No one disagrees that we should do everything we can to eliminate the health risks associated with lead exposure in residential buildings. But how do we know what the risks are without accurate testing?

This has been one of the greatest points of contention between the fenestration industry and the Environmental Protection Agency (EPA) since the Lead: Renovation, Repair, and Painting Rule  rule (LRRP) was last modified in 2011, making it mandatory for all residential buildings built before 1978 be tested for lead paint.

Without accurate field test methods, renovations – including window replacements – are likely being delayed because of the high potential cost of remediation. That’s why over the last five years, the Window and Door Manufacturers Association (WDMA), individuals and other industry organizations have worked tirelessly to get the opt-out clause reinstated.

And that work might finally be paying off.

610 Review Issued by EPA

A 610 review is issued by government agencies, such as the EPA, to help determine “…if provisions of a rule that are related to small entities should be continued without change, rescinded, or amended to minimize adverse economic impacts on small entities.”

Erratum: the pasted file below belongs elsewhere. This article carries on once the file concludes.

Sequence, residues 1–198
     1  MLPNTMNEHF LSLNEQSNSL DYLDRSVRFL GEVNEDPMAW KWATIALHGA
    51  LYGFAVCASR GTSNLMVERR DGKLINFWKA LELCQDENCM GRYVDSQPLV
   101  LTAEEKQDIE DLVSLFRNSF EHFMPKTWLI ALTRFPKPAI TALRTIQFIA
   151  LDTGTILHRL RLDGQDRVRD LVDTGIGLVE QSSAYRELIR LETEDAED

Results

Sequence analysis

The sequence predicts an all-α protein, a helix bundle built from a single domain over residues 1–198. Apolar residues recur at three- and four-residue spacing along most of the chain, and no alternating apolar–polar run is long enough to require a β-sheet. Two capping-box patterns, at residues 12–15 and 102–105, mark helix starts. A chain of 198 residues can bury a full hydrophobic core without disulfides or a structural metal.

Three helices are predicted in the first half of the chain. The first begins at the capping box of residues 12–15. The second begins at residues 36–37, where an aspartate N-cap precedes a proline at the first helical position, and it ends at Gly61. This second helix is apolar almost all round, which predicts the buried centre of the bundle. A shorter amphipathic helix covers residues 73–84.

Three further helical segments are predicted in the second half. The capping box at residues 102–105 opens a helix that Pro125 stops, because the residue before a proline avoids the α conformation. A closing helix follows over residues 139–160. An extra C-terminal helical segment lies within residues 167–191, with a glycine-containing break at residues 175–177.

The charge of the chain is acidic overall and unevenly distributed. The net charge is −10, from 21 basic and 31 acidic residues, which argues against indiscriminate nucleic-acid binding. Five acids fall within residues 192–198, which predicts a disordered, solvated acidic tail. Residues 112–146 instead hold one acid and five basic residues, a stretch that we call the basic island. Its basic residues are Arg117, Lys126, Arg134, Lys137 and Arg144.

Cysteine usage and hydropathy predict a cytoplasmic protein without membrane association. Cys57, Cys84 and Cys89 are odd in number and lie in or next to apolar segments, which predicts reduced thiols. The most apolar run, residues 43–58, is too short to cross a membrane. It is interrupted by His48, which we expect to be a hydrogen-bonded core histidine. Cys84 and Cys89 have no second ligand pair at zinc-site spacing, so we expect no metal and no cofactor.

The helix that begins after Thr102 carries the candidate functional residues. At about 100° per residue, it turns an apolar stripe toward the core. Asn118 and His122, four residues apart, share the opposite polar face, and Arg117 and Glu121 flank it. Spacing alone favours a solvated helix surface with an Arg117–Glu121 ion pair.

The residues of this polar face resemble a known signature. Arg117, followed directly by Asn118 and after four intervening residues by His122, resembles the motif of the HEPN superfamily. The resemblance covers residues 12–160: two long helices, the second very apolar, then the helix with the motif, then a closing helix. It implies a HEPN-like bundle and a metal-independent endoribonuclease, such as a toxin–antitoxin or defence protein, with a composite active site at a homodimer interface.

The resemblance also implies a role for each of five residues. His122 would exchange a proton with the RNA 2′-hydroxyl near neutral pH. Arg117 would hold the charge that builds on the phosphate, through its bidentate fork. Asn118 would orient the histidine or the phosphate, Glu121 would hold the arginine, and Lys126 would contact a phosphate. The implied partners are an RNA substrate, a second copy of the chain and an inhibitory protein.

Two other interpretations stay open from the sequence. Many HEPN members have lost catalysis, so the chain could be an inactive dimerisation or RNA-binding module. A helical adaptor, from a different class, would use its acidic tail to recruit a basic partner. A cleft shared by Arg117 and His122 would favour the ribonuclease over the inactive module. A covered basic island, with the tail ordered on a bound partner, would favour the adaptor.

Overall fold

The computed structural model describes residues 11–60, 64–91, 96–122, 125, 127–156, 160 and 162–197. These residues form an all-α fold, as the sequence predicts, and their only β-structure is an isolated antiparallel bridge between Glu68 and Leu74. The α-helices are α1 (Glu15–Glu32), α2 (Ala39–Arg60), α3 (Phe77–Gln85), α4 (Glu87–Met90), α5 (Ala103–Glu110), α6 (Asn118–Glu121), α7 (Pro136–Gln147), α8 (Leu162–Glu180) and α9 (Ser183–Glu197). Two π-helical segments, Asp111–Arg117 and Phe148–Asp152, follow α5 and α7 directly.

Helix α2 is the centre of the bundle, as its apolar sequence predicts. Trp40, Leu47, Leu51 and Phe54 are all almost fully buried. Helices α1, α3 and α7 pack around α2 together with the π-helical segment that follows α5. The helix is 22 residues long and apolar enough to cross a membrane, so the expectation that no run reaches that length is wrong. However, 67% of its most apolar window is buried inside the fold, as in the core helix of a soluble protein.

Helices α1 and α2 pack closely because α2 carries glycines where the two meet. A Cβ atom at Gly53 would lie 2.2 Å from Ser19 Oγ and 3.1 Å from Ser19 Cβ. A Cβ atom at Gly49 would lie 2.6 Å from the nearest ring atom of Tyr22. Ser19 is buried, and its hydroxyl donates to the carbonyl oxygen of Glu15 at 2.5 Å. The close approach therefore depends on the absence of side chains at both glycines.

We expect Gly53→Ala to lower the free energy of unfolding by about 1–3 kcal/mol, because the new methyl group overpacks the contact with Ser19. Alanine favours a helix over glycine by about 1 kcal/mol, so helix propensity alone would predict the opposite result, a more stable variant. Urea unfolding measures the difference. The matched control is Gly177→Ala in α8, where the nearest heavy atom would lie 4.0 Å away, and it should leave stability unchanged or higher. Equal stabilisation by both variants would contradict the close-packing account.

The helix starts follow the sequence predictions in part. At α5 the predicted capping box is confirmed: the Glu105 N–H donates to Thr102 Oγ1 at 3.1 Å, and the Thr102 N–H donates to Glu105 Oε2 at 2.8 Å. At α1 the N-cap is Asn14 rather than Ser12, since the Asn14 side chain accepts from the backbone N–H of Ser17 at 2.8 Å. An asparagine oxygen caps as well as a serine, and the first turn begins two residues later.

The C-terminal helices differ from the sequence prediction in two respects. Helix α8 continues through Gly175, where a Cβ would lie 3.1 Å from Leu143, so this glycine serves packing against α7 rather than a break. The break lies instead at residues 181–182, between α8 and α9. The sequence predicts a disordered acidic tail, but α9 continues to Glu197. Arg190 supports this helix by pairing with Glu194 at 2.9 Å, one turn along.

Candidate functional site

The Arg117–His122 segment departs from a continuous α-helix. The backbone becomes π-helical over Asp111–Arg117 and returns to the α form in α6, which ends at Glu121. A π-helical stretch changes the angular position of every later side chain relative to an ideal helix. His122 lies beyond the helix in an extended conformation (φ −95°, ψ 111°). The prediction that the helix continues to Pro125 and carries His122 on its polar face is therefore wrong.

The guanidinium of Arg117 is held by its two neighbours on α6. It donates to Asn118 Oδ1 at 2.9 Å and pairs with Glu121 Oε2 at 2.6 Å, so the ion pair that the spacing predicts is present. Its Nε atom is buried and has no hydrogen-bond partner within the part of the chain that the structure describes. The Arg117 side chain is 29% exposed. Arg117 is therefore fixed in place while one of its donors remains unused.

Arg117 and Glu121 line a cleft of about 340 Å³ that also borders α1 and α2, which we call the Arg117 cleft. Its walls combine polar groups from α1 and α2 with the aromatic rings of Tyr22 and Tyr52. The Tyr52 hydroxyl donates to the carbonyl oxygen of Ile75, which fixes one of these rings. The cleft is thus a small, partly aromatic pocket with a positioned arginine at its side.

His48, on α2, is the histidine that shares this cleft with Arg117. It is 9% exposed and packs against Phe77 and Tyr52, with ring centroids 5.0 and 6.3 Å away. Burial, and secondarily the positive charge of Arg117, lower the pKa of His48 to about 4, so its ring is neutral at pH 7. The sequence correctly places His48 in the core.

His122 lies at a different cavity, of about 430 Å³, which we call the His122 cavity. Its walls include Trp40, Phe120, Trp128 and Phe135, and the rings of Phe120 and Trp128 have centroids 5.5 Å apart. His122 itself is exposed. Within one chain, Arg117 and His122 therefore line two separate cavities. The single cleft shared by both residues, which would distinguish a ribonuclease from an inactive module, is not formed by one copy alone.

On June 9, the review process was initiated to take another look at LRRP. During the review, the EPA will solicit comments from a Small Business Advisory on the following factors:

• The continued need for the rule itself
• The nature of complaints/comments received
• The rule’s complexity
• Overlap with other Federal, State or local rules
• New technologies or changes in economic conditions related to the rule

This review will also serve as an additional opportunity to provide comments on lead test kits, field testing alternatives and other broader LRRP rule concerns.

The View from Here is that the upcoming 610 review is no guarantee that we’ll see positive change, but it’s certainly a step in the right direction. I’m anxious to see how this unfolds.
What’s your View? Contact me directly at Eric.Jackson@Quanex.com.

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